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Intel DH57JG Mini-ITX

Budget Computing: Nine H55 And H57 Motherboards Compared

Intel is the second company in today’s roundup to answer our “features for the money” request with a mini-ITX part. While motherboards this size have little space for add-ins, the company considers a small footprint to be a big feature. Especially for builders who really want the most compact desktop-based system, it’s probably right.

The I/O panel has some room left over, but not enough to add a VGA connector. Intel instead uses a DVI-I connector with a VGA breakout capability for standard DVI-to-VGA adapters. A second HDMI monitor can also be attached via an adapter, although only the primary HDMI output supports audio. Any of these options support a Clarkdale-based processor’s dual-display capability.

Most mini-ITX cases hold few drives, so the lack of any add-in ATA controllers is expected. However, we would have liked to see a second eSATA connection, since only five of the chipset’s six ports are available. There’s enough room on the I/O panel for two more USB ports as well, and Intel could have even chosen combination USB/eSATA connectors to maximize the use of space.

The DH57JG also lends itself to use in a compact gaming system by providing a PCIe 2.0 x16 slot. Users who pick a DTX-style case such as Silverstone’s Sugo SG05 can even use a medium-length double-slot card, and those who prefer to have their tiny motherboard dwarfed by enormous graphics can choose an even larger enclosure, since mini-ITX motherboards fit exactly over the CPU section of larger microATX and full ATX cases.

Two advantages Intel’s DH57JG has over its H55-based ECS competition are its third USB 2.0 internal connector and the H57’s chipset RAID capability. However, overclockers might prefer the ECS product’s four-phase CPU voltage regulator rather than Intel’s efficiency-focused three-phase design.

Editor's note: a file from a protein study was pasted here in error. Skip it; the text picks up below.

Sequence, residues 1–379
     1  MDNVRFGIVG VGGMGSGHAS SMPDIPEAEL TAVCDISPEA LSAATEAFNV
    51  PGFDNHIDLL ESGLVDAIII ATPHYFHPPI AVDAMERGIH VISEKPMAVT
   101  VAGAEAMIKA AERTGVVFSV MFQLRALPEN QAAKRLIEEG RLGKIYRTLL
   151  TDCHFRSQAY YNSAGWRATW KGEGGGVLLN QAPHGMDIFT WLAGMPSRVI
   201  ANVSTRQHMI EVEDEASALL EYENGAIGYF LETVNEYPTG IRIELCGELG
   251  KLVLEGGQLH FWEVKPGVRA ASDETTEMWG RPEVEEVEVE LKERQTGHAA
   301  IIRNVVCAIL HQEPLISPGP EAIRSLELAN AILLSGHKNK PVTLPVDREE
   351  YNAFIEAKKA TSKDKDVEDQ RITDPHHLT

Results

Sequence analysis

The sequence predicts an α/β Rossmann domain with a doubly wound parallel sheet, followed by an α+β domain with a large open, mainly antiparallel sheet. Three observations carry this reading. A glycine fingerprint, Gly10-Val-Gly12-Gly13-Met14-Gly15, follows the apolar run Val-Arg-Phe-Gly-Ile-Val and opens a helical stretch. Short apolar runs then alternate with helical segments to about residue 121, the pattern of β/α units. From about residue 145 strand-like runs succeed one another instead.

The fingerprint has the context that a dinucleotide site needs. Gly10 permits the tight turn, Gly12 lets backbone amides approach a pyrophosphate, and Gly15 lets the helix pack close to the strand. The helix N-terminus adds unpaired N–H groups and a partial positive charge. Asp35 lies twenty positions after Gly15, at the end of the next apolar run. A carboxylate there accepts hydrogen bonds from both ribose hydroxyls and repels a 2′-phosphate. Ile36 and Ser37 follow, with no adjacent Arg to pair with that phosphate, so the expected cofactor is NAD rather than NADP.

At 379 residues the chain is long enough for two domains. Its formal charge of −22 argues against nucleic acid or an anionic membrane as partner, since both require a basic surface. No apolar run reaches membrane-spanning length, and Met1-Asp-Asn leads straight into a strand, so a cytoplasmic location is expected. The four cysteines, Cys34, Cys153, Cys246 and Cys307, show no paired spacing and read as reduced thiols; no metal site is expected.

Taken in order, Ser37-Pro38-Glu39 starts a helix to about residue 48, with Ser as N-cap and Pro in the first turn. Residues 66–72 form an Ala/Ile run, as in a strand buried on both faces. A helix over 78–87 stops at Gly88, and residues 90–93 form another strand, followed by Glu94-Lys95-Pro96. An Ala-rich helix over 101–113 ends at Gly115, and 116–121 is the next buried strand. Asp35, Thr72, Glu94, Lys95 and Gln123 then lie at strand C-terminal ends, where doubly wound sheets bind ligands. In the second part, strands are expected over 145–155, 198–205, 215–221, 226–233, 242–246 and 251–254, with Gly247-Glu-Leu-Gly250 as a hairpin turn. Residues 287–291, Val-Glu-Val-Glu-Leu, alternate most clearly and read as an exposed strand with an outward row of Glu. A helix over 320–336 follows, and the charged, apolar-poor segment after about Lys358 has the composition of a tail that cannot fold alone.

BIOS Features

Intel’s DH57JG control interface contains several overclocking features, but the lack of any core voltage setting prevents overloading its smaller three-phase CPU voltage regulator.

CPU base clock control is found in the main performance menu, with nothing more than a power state controller in the Processor Overrides submenu.

Selecting the Memory Overrides button brings up a submenu with latency, DIMM voltage, and memory controller voltage adjustments. The Bus Overrides submenu is less useful, featuring PCIe frequency.


Intel’s retail box wasn’t ready when the company shipped our DH57JG sample, but the contents of its unadorned box represent what retail buyers can expect. Included are a quick reference guide, installation CD, I/O panel cover, and two SATA cables.

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